Cargill Inc., a business devoted to providing sustenance and energy products and services to people worldwide, places significant emphasis on giving back to the communities it serves. But finding the right pro bono project for the company’s legal department was a challenge.
In its search for a pro bono program last year, Cargill faced numerous impediments. Not only are the company’s offices miles from the downtown Minneapolis courthouses, but its lawyers all tend to have specialized practice areas related to food and energy commodities, which don’t immediately translate to pro bono work. However, thanks to Mike Skoglund, a senior lawyer at Cargill, the legal department found its solution after approaching one of Cargill’s preferred law firms, Faegre & Benson.
With Faegre’s help, Skoglund got his team involved with the Hennepin County Housing Court Project (HCP), which offers low-income tenants free, walk-in legal advice and, in some matters, full representation. The majority of clients seek advice and assistance with cases that are scheduled for hearing that day, typically dealing with eviction defense, notices to quit, lease violations, repair problems, emergency repairs, lockouts and housing records expungement.
Skoglund, who coordinates Cargill’s involvement in the HCP, manages a group of about 15 lawyers and six paralegals who volunteer regularly. The housing court is open Monday mornings, so volunteers typically only have a small commitment every two months, which Skoglund says is manageable for the lawyers because they never have to take on full-representation cases. Most days, lawyers from both Faegre and Cargill attend the housing court along with paralegals from either firm. “Depending on the workload, we’ll either collaborate when we give advice to a client, or if it’s really busy, we’ll divide and conquer,” Skoglund explains.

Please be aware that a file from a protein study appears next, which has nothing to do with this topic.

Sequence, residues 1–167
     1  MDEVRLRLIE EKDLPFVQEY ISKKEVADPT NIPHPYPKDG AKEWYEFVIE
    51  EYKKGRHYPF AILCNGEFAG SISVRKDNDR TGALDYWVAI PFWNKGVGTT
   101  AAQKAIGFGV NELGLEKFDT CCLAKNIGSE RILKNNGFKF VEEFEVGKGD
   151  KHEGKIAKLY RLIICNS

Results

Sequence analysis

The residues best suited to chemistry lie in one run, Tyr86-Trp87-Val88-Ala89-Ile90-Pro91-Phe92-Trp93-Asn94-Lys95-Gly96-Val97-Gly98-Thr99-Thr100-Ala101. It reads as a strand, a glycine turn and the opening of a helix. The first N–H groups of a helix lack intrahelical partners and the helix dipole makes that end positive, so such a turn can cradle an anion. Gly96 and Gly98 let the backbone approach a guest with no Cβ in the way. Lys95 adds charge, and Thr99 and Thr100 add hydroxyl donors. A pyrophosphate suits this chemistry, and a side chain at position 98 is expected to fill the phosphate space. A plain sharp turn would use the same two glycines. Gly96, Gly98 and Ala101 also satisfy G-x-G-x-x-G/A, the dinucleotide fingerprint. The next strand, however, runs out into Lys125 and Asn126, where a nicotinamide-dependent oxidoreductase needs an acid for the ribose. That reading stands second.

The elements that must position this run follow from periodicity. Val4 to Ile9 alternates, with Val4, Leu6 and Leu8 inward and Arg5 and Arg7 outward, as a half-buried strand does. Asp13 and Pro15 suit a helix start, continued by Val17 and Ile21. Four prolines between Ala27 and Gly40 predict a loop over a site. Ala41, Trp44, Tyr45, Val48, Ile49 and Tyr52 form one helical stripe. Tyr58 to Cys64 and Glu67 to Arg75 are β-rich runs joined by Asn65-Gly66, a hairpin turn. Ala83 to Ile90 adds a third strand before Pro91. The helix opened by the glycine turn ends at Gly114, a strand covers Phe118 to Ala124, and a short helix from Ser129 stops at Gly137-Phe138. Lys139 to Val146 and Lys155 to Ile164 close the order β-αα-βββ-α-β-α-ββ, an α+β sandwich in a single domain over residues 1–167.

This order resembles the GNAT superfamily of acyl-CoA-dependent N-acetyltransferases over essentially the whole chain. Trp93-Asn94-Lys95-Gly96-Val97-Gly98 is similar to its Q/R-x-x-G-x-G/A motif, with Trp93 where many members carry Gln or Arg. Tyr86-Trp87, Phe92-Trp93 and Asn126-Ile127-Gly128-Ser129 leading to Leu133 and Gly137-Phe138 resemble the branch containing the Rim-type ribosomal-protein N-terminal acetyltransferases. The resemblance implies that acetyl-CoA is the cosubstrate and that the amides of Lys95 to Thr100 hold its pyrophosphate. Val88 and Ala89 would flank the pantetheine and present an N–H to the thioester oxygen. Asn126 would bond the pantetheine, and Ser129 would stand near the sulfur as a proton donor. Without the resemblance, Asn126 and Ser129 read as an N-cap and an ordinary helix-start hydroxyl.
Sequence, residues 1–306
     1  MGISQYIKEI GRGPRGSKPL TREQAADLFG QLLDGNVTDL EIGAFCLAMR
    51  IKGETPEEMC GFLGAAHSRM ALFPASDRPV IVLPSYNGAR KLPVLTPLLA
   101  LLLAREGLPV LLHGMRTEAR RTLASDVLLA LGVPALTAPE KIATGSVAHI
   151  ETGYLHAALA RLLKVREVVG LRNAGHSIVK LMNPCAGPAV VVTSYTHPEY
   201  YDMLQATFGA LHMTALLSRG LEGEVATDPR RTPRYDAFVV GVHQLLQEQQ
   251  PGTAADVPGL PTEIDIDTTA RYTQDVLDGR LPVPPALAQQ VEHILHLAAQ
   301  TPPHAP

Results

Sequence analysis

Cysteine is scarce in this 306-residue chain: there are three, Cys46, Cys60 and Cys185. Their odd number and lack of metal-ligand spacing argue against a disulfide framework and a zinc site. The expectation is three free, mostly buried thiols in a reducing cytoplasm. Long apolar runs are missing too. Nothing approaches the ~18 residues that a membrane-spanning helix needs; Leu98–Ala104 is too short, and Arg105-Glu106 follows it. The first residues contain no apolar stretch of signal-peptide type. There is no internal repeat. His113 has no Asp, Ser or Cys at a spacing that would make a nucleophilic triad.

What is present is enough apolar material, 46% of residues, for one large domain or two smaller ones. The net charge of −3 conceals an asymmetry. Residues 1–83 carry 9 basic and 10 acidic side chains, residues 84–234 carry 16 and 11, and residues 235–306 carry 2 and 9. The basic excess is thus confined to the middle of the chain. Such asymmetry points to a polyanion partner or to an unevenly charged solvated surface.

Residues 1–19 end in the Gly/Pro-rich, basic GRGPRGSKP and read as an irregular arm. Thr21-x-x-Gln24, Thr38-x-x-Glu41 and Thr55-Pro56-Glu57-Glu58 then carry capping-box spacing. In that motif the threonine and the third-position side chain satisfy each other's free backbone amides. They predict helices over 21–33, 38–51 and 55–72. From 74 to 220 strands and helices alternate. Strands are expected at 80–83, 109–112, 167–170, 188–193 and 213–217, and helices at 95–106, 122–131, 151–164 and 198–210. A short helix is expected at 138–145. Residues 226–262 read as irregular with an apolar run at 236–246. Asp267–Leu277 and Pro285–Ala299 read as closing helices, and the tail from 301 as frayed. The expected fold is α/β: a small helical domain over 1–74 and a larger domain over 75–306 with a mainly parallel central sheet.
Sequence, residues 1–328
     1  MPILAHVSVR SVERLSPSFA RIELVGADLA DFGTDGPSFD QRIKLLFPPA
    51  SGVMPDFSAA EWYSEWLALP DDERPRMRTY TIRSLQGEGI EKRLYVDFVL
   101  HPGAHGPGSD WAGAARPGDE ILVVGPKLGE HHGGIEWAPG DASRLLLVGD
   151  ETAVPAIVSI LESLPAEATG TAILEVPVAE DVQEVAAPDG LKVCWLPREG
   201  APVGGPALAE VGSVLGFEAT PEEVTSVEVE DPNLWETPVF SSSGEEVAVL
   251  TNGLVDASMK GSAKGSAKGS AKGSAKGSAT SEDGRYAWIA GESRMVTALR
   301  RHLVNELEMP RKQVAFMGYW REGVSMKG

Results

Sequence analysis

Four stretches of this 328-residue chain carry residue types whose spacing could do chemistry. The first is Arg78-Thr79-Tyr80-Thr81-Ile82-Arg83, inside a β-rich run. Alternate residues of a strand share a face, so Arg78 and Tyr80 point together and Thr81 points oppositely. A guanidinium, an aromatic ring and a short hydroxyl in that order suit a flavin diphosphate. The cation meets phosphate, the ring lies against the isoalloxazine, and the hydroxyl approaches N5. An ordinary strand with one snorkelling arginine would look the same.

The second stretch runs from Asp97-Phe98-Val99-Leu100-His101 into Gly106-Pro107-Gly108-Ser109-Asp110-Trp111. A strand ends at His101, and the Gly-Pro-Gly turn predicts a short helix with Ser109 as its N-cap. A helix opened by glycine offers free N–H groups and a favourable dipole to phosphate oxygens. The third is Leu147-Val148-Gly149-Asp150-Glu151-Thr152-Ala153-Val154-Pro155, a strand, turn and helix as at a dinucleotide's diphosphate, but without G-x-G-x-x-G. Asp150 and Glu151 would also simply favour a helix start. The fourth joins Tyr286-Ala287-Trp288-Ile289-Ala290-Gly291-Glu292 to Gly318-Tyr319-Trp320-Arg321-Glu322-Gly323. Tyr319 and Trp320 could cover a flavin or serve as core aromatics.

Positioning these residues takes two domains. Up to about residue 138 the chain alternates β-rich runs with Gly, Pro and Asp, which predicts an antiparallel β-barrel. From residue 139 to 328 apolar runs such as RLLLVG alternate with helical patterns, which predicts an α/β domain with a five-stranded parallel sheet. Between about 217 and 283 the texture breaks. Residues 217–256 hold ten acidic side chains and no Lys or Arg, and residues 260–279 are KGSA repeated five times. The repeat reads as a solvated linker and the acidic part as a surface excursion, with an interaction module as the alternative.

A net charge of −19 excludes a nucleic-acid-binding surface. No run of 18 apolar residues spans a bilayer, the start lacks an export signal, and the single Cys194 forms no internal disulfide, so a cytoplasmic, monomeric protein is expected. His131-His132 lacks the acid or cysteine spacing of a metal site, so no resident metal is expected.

While Cargill and its legal department also regularly work with United Way, Habitat for Humanity and numerous food organizations, Skoglund says he believes the HCP clinic has truly helped the legal department to expand its horizons, and has provided valuable experience for lawyers to appear in court and interact with clients with whom they normally would never work.
“As lawyers, we have an ethical obligation to do pro bono work where we can,” Skoglund says. “The clinic has been a great opportunity to do that and to learn about an area of law with which I’d never had any experience.”
The experience the legal department gains from working in the housing court is as valuable to Skoglund as the services it renders to the community. In a recent case, one of Cargill’s intellectual property lawyers—who had never been in court before—received a client who had been served an eviction notice. After the initial consultation, the attorney realized that there was a defense to the eviction, and she appeared in court on his behalf, argued the motion to dismiss the eviction and won. “It was a great result for the client, but it also was a really good opportunity for our lawyers,” Skoglund says.